FINAL BILL REPORT
This analysis was prepared by non-partisan legislative staff for the use of legislative members in their deliberations. This analysis is not a part of the legislation nor does it constitute a statement of legislative intent.
C 146 L 13
Synopsis as Enacted
Brief Description: Changing regulations concerning the compounding of medications.
Sponsors: Representatives Cody, Morrell and Schmick.
House Committee on Health Care & Wellness
Senate Committee on Health Care
Compounding is a practice in which a pharmacist prepares a prescription by combining two or more ingredients. Compounding is authorized in specific situations and in limited quantities. The compounding of an inordinate amount of drugs, relative to the practice site in anticipation of receiving prescriptions without any historical basis, is considered "manufacturing." Manufacturers must obtain a license and meet state and federal regulatory requirements beyond those established for pharmacists engaged in compounding.
The Board of Pharmacy allows pharmacists to conduct compounding in limited situations. Pharmacists may compound drugs for individual patients when there is a pharmacist/patient/prescriber relationship and the patient presents a prescription. Pharmacists may also compound drug products that are commercially available for individual patients when it is in anticipation of orders based upon routine, regularly observed prescribing patterns. In addition, pharmacists may compound drugs in very limited quantities prior to receiving a prescription based upon a history of receiving prescriptions from a certain pharmacist/patient/prescriber relationship.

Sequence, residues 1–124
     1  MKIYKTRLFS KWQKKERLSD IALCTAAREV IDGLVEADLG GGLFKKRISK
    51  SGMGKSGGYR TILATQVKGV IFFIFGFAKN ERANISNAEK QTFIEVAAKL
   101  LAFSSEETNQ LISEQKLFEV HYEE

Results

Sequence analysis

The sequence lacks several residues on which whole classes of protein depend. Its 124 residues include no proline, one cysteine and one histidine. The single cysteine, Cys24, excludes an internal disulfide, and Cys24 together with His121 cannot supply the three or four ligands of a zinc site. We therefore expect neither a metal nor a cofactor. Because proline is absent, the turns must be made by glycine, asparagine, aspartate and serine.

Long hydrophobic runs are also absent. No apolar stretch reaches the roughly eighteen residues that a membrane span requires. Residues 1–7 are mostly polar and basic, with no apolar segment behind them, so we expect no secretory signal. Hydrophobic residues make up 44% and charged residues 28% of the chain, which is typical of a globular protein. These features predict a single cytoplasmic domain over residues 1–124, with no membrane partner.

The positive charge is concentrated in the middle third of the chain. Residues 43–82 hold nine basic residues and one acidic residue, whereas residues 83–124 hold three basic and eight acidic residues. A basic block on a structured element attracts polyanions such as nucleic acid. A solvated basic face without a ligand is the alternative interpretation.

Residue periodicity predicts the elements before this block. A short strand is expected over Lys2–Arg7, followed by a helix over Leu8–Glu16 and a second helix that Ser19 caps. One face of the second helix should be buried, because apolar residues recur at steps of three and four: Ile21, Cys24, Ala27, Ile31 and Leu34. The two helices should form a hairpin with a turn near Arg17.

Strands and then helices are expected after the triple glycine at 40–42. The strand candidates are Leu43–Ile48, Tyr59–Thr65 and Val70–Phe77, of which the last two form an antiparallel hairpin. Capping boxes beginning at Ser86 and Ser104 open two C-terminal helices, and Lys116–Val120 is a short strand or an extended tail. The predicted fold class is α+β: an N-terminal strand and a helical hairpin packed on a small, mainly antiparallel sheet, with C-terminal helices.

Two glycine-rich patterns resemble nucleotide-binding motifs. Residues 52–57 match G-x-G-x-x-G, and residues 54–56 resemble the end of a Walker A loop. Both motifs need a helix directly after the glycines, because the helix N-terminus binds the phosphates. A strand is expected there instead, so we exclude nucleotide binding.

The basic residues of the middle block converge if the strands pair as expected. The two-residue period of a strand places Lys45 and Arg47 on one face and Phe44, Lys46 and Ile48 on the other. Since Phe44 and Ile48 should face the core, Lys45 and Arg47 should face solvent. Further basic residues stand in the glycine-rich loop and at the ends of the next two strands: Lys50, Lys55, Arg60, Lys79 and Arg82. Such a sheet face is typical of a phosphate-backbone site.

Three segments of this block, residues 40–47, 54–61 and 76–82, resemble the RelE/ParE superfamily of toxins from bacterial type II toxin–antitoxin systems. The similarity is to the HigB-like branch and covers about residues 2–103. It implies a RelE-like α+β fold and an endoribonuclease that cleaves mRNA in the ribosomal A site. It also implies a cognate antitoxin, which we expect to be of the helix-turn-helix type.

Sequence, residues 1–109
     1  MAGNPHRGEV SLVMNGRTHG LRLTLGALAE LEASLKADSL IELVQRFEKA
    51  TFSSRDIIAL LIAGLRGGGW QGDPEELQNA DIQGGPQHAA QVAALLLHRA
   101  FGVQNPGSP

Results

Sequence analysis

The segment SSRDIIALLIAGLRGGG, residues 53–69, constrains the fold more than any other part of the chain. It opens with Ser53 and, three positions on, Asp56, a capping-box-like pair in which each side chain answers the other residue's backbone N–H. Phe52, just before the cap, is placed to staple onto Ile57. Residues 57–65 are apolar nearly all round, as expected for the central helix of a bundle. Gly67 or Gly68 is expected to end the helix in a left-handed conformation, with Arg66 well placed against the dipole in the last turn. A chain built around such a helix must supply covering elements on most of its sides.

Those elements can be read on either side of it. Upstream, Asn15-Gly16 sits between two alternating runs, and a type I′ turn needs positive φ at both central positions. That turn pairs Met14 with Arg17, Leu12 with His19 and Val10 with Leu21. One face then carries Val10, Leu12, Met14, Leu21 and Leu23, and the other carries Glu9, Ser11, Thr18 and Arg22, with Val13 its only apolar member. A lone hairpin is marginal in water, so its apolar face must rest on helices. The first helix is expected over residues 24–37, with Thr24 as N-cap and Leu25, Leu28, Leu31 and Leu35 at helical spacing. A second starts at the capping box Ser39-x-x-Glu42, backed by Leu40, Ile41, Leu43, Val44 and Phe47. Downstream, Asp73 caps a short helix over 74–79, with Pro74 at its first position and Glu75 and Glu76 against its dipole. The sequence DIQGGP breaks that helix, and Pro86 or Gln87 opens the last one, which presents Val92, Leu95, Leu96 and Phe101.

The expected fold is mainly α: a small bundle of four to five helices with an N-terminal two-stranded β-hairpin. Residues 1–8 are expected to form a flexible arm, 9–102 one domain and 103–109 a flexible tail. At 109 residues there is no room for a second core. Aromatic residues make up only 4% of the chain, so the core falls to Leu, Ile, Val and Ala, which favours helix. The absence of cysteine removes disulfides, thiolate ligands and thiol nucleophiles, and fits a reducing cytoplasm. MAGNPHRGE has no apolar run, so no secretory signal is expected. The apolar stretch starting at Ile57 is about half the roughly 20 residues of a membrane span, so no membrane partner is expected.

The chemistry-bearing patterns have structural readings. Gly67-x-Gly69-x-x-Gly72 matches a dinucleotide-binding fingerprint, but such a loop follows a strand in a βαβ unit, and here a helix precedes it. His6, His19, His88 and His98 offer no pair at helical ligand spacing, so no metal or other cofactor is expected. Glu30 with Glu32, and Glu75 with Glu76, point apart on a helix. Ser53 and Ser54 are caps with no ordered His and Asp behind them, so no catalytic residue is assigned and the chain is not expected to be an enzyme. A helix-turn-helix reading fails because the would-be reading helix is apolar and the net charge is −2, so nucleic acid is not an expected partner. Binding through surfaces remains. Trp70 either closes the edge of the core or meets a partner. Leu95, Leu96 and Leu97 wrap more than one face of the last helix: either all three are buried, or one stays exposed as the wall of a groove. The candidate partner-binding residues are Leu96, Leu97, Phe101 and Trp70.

Pharmacists are prohibited from offering compounded drug products to others for resale, except to a practitioner to administer to an individual patient.
The term “manufacture” is expanded to include the distribution of a compounded drug to other licensed persons or commercial entities for resale or distribution, unless the product item has been approved by the Board of Pharmacy.
The term "manufacture" excludes (1) compounding products in anticipation of an order of a practitioner to administer to patients under their direct supervision; (2) repackaging commercially available medication in small, reasonable quantities for practitioners to use for office use; (3) distributing compounded drugs to other entities under common ownership of the facility in which the compounding takes place; or (4) delivering compounded products that are dispensed pursuant to a valid prescription to alternate delivery locations when requested by the patient, the prescriber to administer to the patient, or another pharmacy to dispense to the patient.
Compounded products or products prepared for patient administration or distribution to a practitioner for patient use must meet the nonsterile product and sterile administered product standards of the United States Pharmacopeia.
Votes on Final Passage:
May 7, 2013